• Malik Lendell

Renaming Thomas Jefferson Library is Long Overdue



The Board of Curators decided to name Mizzou’s new Medical Center after a senator who does not believe in the federal or state public health recommendations for COVID. Regardless, the Roy Blunt NextGen Medical Center will remain a symbol of the UM-System's commitment to the political football that has infiltrated our schools. According to President Mun Choi, who often acts as the Republican party's puppet, the senator "has championed the mission of public education in Missouri."


If Mun Choi and the Republican-controlled Board of Curators want to recognize their preferred heroes, they can have at it, but students should also get the opportunity to name new buildings on our campus. We should even be able to rename current campus buildings or roads as we please.


For instance, some students, myself included, believe that the Thomas Jefferson Library should be renamed.


While he acknowledges that there are other changes that need to be made on campus to further equity; the Student Government President, Joseph Methner, agrees.


“Updating the names of buildings is a small and easy step that shows the university will listen to our students,” he says.


While I believe Thomas Jefferson had a few good ideas (i.e., separation of church and state), he was a blatantly racist slave-owner who raped multiple enslaved women. Furthermore, the reason his name is so common in the Midwest is due to the Louisiana Purchase which came with the continued persecution of Indigenous Americans.


There are more reasons to rename the Thomas Jefferson Library, however.


The name is cliché. After all, he was a national historical figure and leader. Thomas Jefferson was a United States president. The second one at that. He was one of the major founding fathers and one of the major authors of the Declaration of Independence. His name will certainly remain in history books for years to come, as it should. After all, I am not advocating for the censorship of his name. I advocate giving a new name recognition.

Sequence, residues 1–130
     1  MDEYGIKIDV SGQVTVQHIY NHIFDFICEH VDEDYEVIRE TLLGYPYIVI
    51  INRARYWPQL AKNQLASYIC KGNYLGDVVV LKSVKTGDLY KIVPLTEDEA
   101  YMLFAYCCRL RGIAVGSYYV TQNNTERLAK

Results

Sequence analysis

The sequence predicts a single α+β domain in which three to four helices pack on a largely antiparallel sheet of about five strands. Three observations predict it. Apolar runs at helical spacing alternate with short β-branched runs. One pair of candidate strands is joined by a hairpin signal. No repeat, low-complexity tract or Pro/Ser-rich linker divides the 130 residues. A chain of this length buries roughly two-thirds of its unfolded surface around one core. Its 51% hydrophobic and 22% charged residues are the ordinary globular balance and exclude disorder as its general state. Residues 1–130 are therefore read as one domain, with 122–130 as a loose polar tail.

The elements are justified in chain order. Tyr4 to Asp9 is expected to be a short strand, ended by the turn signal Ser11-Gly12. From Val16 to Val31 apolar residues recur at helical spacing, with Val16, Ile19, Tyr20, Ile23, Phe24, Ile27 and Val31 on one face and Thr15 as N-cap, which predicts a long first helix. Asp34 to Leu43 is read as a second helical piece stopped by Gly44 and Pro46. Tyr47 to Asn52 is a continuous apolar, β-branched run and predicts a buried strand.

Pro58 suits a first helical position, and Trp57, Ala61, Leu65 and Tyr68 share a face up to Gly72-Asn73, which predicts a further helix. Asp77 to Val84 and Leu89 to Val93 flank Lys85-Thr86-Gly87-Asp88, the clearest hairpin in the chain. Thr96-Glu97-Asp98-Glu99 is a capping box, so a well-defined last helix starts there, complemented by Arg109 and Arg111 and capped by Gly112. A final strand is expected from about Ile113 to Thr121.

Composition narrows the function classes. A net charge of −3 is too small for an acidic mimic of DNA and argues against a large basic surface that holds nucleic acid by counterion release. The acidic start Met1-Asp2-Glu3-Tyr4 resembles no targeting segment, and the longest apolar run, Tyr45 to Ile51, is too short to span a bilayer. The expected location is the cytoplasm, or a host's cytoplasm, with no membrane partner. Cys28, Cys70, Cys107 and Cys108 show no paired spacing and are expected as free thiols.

I think a proper new name for the library should shine a light on a local Black historical figure— potentially someone who is lesser-known but very important locally.


I propose renaming it the Harriet Robinson Scott Library.


Scott was involved in the infamous Dred Scott v. Sanford case where she and her husband fought for the freedom of their family. The courthouse in the city of St. Louis (now the Old Courthouse) decided that the Scott family deserved their freedom. Although the Missouri and US courts ultimately made the decision that Black people were second-class citizens regardless of slave status, we should be proud that the St. Louis region was on the right side of history in this instance.


The name is unique, and it belongs to a local hero. Furthermore, the name shows a commitment to diverse representation. A little tidbit that I think is also cool is that the library's new acronym, HRS, would be pronounced as "hers" and the current TJ Café could be renamed HRS Café.


But why stop here?


Let's rename University Drive "Dred S. Scott Drive," West Drive "Percy Green Drive," East Drive "Francis McIntosh Drive," and the section of Natural Bridge splitting North and South campus "Cori Bush Avenue." Let's recognize our living heroes and our silenced histories.


It is time for UMSL students to recognize the power of names. Let's use it for good.

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